Rahma Elmahdi

Rahma Elmahdi

Senior Teaching Fellow in Global Health, School of Public Health.

Who inspires you?

My mum – she showed me that you can beat the odds and survive the challenges of life. Despite losing her husband and her home and having to leave her country, she worked tirelessly to raise six children by herself, in a very foreign country where she was poor and couldn’t speak the language. Like a phoenix she rose from the ashes of her past life, and that will always be my ultimate inspiration.

When did you realise you wanted to work in science?

As a teenager, I wanted to change the world and thought I could do that by becoming a film director. During the summer before I started my A-levels, I read Bill Bryson’s A Short History of Nearly Everything and my views changed completely. I still wanted to change the world, but I realised the best way to do that was through science. This new realisation - coupled with my love for being around and working closely with other people - made my decision simple: I would study medicine and become a doctor.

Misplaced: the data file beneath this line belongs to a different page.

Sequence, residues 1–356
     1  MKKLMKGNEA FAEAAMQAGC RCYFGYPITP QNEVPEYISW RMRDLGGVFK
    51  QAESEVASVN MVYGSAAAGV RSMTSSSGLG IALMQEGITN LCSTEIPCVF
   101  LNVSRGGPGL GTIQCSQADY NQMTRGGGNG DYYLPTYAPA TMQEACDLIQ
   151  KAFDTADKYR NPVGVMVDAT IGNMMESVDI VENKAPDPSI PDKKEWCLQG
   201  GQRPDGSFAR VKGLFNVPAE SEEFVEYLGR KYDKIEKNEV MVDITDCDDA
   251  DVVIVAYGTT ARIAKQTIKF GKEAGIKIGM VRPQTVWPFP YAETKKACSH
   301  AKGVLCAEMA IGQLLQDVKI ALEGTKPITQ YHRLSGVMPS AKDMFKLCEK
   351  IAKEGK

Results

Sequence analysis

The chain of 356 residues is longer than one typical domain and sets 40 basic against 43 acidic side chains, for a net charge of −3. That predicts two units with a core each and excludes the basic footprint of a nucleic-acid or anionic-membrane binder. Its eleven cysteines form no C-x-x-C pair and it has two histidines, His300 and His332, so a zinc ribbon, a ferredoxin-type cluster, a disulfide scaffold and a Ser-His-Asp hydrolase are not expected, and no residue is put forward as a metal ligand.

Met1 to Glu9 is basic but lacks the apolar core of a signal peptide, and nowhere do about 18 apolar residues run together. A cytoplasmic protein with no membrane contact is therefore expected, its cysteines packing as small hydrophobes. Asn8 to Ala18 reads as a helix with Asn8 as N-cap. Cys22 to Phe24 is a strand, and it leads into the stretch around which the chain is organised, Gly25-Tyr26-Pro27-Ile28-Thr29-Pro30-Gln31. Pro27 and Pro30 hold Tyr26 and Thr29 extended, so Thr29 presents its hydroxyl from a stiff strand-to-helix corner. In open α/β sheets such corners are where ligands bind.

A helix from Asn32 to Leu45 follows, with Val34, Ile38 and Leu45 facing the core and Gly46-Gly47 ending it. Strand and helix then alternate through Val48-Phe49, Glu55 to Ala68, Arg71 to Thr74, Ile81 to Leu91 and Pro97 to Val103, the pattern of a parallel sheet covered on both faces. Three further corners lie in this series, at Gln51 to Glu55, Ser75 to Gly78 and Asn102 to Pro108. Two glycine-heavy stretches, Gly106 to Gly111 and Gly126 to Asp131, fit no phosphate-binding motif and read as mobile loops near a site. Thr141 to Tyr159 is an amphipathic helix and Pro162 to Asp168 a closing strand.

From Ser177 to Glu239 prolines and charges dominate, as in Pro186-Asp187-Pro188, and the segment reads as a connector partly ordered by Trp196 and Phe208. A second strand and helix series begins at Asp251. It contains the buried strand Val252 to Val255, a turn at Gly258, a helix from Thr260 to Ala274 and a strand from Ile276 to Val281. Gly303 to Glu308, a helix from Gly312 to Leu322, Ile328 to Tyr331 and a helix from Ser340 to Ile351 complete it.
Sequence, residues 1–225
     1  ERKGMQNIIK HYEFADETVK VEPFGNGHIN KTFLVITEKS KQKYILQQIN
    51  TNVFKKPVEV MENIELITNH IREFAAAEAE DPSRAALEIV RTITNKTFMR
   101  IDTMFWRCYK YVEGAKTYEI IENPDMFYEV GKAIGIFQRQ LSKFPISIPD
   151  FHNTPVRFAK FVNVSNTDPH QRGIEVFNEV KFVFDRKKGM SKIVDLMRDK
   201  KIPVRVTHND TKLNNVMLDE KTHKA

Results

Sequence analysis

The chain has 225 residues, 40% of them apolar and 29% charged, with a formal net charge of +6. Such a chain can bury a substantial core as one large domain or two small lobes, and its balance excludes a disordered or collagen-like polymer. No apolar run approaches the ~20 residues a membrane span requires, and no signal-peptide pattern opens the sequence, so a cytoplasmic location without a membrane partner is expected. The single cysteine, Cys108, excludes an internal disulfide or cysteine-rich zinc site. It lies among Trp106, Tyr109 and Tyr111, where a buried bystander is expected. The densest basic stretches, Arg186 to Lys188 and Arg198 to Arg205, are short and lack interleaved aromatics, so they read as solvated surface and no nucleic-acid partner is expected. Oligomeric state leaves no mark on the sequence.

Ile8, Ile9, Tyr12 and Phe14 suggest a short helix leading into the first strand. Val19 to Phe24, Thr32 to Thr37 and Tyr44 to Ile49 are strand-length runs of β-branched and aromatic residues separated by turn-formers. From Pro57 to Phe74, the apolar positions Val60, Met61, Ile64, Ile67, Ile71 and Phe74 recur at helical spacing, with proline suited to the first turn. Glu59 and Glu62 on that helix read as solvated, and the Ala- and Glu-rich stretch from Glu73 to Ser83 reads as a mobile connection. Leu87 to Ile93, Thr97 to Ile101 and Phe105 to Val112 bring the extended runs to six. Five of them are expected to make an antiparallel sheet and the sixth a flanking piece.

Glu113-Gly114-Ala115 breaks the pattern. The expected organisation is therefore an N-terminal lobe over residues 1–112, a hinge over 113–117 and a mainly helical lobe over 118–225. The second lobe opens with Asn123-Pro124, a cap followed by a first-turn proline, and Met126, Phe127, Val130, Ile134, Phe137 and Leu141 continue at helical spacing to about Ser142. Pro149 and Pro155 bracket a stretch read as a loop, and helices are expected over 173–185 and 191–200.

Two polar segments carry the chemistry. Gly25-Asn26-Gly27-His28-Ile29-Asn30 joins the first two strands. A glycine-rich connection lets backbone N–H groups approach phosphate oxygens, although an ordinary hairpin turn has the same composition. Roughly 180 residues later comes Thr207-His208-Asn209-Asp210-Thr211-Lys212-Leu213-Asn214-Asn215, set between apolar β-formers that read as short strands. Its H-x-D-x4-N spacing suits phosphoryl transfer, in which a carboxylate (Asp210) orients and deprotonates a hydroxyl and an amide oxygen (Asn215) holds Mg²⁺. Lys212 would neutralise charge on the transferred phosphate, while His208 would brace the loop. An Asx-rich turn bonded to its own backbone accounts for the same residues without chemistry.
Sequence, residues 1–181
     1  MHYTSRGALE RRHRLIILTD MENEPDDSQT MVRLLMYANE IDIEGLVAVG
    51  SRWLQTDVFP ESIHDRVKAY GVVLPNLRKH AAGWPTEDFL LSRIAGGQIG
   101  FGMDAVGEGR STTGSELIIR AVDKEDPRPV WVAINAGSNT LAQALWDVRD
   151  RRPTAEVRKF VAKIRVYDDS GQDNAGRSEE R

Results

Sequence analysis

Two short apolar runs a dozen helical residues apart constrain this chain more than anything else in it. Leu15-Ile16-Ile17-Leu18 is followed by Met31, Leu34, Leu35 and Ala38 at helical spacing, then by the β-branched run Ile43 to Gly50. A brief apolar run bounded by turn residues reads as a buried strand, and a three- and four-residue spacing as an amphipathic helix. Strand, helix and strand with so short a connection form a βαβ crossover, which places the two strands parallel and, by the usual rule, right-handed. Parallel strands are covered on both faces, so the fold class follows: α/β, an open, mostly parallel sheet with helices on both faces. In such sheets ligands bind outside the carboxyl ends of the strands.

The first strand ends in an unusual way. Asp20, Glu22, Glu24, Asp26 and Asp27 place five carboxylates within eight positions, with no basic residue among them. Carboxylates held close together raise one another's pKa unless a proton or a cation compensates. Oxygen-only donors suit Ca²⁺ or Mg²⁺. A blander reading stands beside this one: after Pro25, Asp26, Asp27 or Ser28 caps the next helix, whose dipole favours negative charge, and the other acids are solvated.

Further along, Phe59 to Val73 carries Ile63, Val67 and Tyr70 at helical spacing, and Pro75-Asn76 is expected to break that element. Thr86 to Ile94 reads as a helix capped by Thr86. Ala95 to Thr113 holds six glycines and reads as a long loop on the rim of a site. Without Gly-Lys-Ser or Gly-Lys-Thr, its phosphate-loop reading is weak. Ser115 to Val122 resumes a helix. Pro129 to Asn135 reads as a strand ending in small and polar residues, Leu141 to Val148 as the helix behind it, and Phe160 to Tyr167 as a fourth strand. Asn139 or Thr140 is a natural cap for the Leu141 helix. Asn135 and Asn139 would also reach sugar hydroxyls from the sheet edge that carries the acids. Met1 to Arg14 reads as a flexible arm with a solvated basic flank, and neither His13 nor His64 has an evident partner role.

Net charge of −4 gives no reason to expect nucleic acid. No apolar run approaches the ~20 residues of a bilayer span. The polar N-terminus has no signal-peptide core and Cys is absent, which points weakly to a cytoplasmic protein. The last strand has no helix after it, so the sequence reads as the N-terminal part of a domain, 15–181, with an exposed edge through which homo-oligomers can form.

What are you listening to at the moment?

I’m listening to various podcasts. One of these is called ‘The Guilty Feminist’ which discusses how to be a feminist activist whilst living your normal everyday life. In terms of music, I’m really enjoying Alsarah & the Nubatones, a Sudanese-American artist re-making traditional Sudanese songs with an electro twist.